1 Sep 2020

Taranaki school dependent on pokie funds - Judith Collins

11:43 am on 1 September 2020

Watch Judith Collins addressing the media here:

The National Party's caucus has been meeting the day after its leader announced a $4.8 billion spend-up on education infrastructure.

The funding policy was announced in New Plymouth and at her post-caucus briefing today Collins was keen to pursue the controversy surrounding the government's decision to give $11.7 million to the region's Green School to help it expand.

Yesterday Collins met with the principals of Marfell School and New Plymouth Boys' High School.

"What was really clear is the absolute anger amongst the school principals and the school communities about the $11.7 million that has been promised by the government to this thing called a Green School when the schools themselves in New Plymouth - many are suffering, particularly Marfell and Boys' High, from a deficit of infrastructure particularly around the school buildings."

Collins said Marfell School is a decile 1 school, where the principal spends four out of five days a week trying to fundraise. It was reliant on community trusts particularly pokie funds and its TV and IT equipment had been donated.

Parents were too hard up to provide any extra money, she said. New Plymouth Boys' was also desperate for more money.

"They're looking at this Green School, private school, and wondering what is going on with the government and they certainly did not expect that would happen."

National would take the issue up again with the government today, Collins said.

She wanted to see the business case, and especially any information supplied by Treasury.

At the weekend Newshub reported that students at the Green School worked with crystals. During her visit growing crystals and planting them did not seem to be of much interest to people in New Plymouth, Collins said.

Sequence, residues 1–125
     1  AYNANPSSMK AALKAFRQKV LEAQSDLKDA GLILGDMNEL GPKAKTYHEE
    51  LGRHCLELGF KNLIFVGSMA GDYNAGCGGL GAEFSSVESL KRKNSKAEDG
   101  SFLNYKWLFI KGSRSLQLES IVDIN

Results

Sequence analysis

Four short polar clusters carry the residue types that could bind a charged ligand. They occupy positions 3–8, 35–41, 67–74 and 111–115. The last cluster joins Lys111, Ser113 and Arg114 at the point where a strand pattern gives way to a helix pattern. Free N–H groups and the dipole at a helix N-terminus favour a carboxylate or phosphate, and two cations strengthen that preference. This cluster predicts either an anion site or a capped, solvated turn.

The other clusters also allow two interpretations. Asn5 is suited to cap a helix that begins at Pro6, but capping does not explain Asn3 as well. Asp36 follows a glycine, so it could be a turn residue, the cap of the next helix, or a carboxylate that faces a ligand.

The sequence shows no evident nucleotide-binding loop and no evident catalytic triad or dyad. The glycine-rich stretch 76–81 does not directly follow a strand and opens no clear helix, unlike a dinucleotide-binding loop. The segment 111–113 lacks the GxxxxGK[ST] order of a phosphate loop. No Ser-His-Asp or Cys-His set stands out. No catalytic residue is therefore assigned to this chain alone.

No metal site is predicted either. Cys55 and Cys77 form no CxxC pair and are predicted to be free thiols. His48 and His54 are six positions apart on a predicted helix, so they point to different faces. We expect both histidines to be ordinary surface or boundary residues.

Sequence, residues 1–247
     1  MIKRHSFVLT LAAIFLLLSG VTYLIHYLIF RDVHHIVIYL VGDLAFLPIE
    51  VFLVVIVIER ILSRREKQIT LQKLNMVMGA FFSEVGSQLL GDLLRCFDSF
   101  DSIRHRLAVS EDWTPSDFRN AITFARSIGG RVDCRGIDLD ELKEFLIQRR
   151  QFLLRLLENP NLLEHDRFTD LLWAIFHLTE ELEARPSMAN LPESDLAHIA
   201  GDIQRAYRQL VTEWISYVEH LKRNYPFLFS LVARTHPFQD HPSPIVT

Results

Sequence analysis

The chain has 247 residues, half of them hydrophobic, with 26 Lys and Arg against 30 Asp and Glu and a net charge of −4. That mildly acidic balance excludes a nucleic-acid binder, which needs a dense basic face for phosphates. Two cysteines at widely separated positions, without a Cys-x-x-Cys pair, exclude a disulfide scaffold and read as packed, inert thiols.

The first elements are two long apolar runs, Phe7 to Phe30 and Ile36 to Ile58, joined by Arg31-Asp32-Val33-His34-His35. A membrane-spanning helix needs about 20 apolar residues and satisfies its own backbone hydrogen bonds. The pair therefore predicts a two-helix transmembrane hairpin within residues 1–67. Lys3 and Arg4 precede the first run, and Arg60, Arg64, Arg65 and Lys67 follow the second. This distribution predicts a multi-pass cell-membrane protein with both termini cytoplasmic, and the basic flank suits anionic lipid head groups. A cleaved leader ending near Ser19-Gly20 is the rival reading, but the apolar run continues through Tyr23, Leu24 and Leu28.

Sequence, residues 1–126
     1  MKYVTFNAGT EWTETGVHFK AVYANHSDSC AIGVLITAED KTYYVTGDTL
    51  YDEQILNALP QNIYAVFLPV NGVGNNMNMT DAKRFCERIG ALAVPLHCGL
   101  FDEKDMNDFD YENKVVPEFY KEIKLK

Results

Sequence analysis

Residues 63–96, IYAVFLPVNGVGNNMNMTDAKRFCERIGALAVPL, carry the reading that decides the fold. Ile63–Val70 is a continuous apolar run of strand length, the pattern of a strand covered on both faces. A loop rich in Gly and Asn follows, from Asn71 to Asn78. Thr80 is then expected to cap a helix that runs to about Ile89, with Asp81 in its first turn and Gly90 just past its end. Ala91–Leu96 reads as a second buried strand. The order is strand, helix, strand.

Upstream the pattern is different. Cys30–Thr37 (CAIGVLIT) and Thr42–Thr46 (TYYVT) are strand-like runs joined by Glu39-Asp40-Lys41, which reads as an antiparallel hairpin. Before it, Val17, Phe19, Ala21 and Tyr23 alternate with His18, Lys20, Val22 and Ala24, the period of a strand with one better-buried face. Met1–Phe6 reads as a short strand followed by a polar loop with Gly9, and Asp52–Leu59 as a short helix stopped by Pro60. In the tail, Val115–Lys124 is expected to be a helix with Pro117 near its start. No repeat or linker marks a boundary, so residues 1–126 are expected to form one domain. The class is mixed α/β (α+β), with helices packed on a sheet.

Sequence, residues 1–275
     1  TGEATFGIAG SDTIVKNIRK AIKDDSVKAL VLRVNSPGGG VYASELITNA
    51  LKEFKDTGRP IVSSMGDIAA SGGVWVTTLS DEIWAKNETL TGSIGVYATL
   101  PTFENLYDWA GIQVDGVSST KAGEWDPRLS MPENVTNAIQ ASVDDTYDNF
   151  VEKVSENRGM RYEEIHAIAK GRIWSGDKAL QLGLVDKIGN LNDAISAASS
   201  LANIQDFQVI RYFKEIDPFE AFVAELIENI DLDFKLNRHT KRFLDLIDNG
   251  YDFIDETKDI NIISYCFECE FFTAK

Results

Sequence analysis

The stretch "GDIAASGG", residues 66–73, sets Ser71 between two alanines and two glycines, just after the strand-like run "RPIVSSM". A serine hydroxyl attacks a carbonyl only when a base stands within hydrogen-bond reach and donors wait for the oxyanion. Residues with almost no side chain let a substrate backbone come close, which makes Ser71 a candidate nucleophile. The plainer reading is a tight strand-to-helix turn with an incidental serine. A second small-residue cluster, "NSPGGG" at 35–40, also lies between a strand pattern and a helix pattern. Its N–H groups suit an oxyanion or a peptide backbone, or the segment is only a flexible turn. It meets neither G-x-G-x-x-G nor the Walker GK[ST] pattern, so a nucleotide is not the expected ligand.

If there was no contract, the government should cancel the project now, if papers had been signed, the government owed people an explanation.

She accused the previous Labour government, under Helen Clark, of underspending on school infrastructure during its time in power and leaving National "a complete mess".

If elected, National would spend $2 billion to pay for repairing and rebuilding schools.

"It's really clear they do need more money."

In a time of unemployment, 400 people a day were losing their jobs, as of last week, so local businesses where schools were based would be involved as much as possible.

"Not only will we fund them, we will get them done faster," said Nicola Willis, the party's spokesperson on education.

Handling of pandemic criticised

Despite the prevalence of genome testing, the government had not identified the source of the latest Covid-19 outbreak weeks after it first appeared.

"What we're seeing is the quarantining that has gone on has not necessarily been optimal."

Taiwan was the standout country in the world for its Covid-19 response and New Zealand needed to have a single border agency, as proposed by National, Collins said.

Collins said people in Invercargill were "grumpy" about being in alert level 2 when she visited the city at the end of last week.

"We don't have the same information the government has so it would be unwise for us to jump to conclusions when we don't have it."

Mosque gunman's possible deportation

Collins repeated that she is not in favour of the mosque gunman, who was sentenced to life in jail without parole last week, serving out his time in his home country of Australia.

New Zealand has never had a policy of allowing serving prisoners to complete their sentence in another country, she said. The deputy prime minister had taken a populist view with his opinion of sending the terrorist to Australia.

She refused to take questions about her husband sharing a number of anti-Jacinda Ardern posts on Facebook.

David Wong-Tung, a businessman and former police officer, shared an array of posts attacking Ardern - his wife's political opponent.

In the posts, the Labour leader is mocked and called names - among them - the incredible sulk and Cindy. One message calls for her to be tested - not for Covid-19, but for competency.

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